US stocks up despite shutdown angst

Wall Street stocks rose early Friday as markets assessed the risks of a possible US government shutdown that could damage the economy.

The early gains suggested investors were still not convinced a shutdown would take place amid partisan bickering in Washington. Yet a note from Schwab said “flared up political uncertainty continuing to hamper sentiment.”

About 20 minutes into trading, the Dow Jones Industrial Average was up a hair at 26,020.18.

The broad-based S&P 500 advanced 0.3 percent to 2,805.29, while the tech-rich Nasdaq Composite Index gained 0.4 percent to 7,321.47.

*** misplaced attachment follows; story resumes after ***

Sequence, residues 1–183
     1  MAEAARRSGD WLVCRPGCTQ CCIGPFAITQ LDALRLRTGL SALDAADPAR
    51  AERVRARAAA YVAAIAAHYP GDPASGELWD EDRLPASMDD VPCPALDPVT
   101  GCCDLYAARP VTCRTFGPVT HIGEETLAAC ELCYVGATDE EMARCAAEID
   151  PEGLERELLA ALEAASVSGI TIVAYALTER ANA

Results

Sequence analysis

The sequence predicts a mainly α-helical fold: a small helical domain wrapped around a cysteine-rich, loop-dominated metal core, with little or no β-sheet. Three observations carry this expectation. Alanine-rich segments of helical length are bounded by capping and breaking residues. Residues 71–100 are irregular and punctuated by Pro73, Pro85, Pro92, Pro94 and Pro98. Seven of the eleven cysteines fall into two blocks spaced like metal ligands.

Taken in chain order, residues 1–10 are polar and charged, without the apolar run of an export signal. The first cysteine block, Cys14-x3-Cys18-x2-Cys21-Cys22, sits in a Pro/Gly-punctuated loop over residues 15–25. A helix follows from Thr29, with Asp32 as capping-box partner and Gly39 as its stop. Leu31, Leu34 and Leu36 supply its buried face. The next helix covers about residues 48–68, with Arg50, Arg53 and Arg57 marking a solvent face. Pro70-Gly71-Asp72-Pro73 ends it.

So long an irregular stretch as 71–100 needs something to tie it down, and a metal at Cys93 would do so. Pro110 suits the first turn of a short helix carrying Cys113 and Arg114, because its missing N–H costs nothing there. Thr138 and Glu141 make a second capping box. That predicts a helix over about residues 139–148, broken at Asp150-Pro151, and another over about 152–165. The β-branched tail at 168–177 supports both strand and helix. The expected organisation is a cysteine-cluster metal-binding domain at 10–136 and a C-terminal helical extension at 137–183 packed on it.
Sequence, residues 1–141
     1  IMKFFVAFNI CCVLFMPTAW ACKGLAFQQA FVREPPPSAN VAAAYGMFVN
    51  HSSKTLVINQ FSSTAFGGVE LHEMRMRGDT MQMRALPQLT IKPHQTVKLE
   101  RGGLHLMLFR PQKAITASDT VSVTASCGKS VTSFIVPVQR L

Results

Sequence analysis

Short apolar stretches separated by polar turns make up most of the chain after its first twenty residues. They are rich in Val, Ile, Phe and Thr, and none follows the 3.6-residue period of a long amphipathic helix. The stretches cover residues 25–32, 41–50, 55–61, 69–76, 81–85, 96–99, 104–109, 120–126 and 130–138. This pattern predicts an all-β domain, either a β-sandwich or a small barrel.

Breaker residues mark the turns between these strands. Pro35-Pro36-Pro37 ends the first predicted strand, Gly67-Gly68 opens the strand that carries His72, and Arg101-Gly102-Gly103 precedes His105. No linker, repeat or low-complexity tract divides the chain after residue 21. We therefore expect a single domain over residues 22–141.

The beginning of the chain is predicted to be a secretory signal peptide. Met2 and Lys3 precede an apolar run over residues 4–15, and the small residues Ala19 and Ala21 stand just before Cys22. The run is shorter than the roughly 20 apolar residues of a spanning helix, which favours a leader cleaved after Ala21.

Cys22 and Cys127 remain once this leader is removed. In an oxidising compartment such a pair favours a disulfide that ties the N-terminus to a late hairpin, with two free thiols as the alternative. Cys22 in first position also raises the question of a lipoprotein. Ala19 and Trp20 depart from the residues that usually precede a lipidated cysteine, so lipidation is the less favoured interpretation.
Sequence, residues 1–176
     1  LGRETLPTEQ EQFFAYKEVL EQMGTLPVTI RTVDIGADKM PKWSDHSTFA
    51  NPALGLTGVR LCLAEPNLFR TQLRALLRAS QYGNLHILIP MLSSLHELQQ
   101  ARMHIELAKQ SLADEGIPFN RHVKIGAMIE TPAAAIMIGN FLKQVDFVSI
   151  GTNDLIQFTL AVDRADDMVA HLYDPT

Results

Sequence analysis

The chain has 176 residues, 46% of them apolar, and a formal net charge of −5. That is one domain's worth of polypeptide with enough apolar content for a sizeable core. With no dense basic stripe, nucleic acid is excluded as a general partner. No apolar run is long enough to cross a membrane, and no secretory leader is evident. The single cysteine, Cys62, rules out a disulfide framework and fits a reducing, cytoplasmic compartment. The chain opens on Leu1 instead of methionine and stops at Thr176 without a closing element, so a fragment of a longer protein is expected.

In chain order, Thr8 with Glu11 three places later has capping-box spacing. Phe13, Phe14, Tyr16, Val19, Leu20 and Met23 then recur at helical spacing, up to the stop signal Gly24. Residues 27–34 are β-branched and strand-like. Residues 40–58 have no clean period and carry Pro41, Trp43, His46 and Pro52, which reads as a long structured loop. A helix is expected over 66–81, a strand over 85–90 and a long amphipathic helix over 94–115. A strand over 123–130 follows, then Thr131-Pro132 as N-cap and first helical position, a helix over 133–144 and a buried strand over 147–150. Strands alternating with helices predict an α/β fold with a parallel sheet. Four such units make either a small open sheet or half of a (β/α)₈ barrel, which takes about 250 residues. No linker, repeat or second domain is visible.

The House of Representatives on Thursday approved a short-term spending bill to keep the government open after funding runs out at midnight (0500 GMT), but the measure appeared to be dead in the Republican-controlled Senate. Leaders of both political parties were pointing fingers at one another.

Analysts say a government shutdown could damage the economy, particularly sectors that do extensive business with the government and especially if it is prolonged.

In earnings news, IBM fell 3.1 percent despite posting a year-over-year quarterly revenue increase for the first time in nearly six years. Analysts expressed disappointment that gains in some of IBM’s major growth businesses weren’t more robust.

American Express, another Dow component, lost 1.5 percent after announcing that it would suspend its share buyback programs due to a hefty one-time charge connected to US tax reform that reduced the company’s capital ratios. (AFP)